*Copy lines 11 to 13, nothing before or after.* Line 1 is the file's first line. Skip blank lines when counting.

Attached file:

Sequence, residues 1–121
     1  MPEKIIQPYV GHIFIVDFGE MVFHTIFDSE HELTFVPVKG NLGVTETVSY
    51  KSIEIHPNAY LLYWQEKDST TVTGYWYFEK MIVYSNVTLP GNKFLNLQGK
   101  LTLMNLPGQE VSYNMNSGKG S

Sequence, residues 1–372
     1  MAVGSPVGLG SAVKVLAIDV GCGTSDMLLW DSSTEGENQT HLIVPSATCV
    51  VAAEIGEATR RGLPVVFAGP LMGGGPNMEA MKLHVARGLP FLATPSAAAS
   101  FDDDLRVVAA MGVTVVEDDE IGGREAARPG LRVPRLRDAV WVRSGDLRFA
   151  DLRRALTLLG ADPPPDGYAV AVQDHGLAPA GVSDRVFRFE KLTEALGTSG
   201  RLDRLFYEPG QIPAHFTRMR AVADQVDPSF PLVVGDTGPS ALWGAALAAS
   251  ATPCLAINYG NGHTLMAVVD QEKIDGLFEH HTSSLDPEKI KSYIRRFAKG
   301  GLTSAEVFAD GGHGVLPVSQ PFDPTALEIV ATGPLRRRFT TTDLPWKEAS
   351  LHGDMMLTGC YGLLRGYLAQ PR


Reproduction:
   251  ATPCLAINYG NGHTLMAVVD QEKIDGLFEH HTSSLDPEKI KSYIRRFAKG
   301  GLTSAEVFAD GGHGVLPVSQ PFDPTALEIV ATGPLRRRFT TTDLPWKEAS
   351  LHGDMMLTGC YGLLRGYLAQ PR